Market Share Restrictions and Efficiency ()

Caglar Yurtseven^{}

Department of Economics, Bahcesehir University, Istanbul, Turkey.

**DOI: **10.4236/me.2015.612112
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Department of Economics, Bahcesehir University, Istanbul, Turkey.

This paper studies the effects of market share restrictions on research and development activities of firms. Market share of firms is closely followed by regulatory authorities and restrictions are applied in many cases around the world. This essay investigates if these restrictions affect the cost reduction based R&D efforts of the firms in a market. The question asked is important in the sense that countries with different regulations on market share, end up having different innovative structures, which in turn affect their economic growth and well-being. The paper uses a Cournot model, which shows that under the no exit assumption, market share restrictions lower the level of competition and possible rewards from R&D efforts, therefore causing smaller levels of R&D efforts both for big and small firms in the market.

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Yurtseven, C. (2015) Market Share Restrictions and Efficiency. *Modern Economy*, **6**, 1181-1188. doi: 10.4236/me.2015.612112.

Accepted 3 December 2015; published 7 December 2015

1. Introduction

In the industrial organization literature, market share restrictions have been a controversial question. It is important because it has been an important evidence of market power, if not the most. In some cases it is seen that market shares as low as 30% are even enough for antitrust authorities to act to regulate the market [1] .

Market share restrictions are basically designed to protect smaller firms in the industry. By this protection, regulators want to keep the competition, by preventing the monopolization of the market. However, as in every policy, trade-offs are important to consider. In this paper, we’ll try to examine a particular one. The effects of market share restrictions on the research and development efforts of big and small firms of a market. This question is important in the sense that countries using different regulations on market share, end up having different innovative structures which in turn affect their economic growth and well-being.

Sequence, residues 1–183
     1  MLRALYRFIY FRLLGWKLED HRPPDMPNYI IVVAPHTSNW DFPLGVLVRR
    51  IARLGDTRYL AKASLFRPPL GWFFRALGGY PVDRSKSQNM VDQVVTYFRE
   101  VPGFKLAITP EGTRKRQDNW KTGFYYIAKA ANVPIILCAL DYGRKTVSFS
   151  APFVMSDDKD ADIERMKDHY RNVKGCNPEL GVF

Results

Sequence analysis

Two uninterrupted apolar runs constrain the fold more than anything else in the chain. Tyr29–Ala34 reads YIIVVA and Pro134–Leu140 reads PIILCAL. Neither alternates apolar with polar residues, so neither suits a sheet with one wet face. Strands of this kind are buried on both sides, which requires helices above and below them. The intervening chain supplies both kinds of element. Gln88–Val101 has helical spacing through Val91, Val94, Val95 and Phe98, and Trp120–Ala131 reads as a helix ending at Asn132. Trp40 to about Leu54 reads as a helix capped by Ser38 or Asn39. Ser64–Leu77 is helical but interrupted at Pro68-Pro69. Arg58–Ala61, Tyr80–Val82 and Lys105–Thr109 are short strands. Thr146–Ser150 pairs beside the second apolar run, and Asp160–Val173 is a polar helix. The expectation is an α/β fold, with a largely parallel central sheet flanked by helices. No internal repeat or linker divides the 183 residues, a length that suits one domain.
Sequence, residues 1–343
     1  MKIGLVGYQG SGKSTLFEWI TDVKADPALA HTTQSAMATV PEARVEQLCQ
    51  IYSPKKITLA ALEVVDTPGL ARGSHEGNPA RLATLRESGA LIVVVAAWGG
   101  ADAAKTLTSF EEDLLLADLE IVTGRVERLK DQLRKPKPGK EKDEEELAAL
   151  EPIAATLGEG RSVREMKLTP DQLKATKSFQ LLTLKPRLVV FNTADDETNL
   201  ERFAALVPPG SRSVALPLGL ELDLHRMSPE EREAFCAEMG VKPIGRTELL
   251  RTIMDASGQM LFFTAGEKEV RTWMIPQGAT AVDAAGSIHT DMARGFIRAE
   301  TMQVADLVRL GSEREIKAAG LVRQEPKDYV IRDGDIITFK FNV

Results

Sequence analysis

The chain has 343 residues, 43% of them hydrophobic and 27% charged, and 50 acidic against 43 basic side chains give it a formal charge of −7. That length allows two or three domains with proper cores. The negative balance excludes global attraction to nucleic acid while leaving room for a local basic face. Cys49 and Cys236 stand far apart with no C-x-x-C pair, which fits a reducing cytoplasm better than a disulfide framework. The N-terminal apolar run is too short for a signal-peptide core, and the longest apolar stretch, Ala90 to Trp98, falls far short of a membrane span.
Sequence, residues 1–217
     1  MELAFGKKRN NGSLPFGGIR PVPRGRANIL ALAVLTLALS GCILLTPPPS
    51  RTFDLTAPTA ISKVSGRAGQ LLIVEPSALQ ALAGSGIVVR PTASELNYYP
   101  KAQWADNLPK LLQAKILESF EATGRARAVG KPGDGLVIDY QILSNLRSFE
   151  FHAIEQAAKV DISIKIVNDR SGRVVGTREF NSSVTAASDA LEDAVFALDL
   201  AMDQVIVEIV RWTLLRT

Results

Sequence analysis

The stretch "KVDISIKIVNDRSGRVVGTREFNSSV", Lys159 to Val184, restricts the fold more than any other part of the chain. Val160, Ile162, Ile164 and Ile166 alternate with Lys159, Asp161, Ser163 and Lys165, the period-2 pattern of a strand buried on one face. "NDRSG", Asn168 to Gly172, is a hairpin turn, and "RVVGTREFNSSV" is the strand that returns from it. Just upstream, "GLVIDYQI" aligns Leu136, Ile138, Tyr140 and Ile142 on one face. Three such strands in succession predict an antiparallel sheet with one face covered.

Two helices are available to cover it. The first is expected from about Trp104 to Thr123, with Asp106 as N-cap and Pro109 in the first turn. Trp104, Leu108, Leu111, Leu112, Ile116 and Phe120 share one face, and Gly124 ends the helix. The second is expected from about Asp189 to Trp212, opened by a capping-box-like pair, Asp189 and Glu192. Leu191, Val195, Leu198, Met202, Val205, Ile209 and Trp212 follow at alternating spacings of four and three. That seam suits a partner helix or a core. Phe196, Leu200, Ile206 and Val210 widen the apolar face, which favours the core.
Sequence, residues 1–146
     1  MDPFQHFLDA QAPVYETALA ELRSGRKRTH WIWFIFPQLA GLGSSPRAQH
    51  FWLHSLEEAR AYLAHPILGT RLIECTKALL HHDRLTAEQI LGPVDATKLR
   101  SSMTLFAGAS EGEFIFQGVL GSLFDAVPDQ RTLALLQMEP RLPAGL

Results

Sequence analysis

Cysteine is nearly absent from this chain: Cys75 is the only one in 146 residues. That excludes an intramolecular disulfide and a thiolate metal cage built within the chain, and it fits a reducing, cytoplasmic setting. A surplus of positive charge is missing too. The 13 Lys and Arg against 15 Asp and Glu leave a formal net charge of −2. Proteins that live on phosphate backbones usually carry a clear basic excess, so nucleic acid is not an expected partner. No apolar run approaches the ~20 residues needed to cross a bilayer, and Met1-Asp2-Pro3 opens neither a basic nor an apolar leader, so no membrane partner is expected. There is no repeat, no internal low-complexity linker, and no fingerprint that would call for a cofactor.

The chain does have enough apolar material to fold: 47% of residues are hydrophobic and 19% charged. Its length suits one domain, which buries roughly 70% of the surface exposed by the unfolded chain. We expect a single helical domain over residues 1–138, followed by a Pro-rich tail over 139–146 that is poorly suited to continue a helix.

In the literature we see many studies on the total quantity implications of market share restrictions. For example, in a study by Donald W. Kloth and Leo V. Blakley [2] , it is found that total quantity in milk industry can be increased by market share restrictions. On the other hand, in some other industries market share restrictions can restrict the market output. A recent case is shown by Foros, Kind, and Shaffer [3] in which they consider a model of resale price maintenance.

In addition, there is a big literature on the determinants of research and development and its results. As shown by Spence [4] in many cases R&D has the same ultimate effect as direct cost reduction. In this paper, we use this approach. In another paper by Creane and Konishi [5] effects of cost reductions via technology transfers are studied. They study the effects of joint production between rival firms using a basic Cournot model. A similar Cournot model is also used in this paper to investigate the question of this paper. In this paper, however, we only investigate the effects of market share restrictions on the optimal levels of research and development investments of big and small firms of a market.

In some industries like the washing machine and dishwasher industries, especially in Europe, certain producers like Siemens, Bosch and Miele introduce many of the innovations to the market. Most of these innovations are patented for limited times. So these high share firms are nearly sure that their innovations are not going to be matched by the smaller competitors at least in very short term. New technologies as dishwashers with turbidity sensors (2010), steam generator for a household appliance (2010), system comprising a vacuum cleaner and dust bag (2012) are all patented by the producer Miele and not copied by any competitor in Europe for at least one year time period [6] .

We start by covering the possibility, in which big firms are nearly sure that the competitors will not match their efforts. However, they may be under the pressure of market share regulations. We try to see how these regulations will affect the optimal levels of R&D investments of the big firms of the market.

We proceed with a more common case in which each firm has equal access to R&D efforts and can reduce their production costs at the same time period. This possibility is true for many industries. Some examples are food, beverage and furniture industries. For example, in Turkey, after 2010 traditional fast food “doner” started to be marketed as a higher-end food with carefully designed impressive outlets and with menus which incorporated marketing strategies from western fast food chains, this innovation by an entrepreneur succeeded and it is followed easily by the competitors in a very short time. Kasap Doner, Bay Doner, Doner Stop, and Bereket Doner are only a few examples to the firms using these innovations in doner marketing [7] -[9] .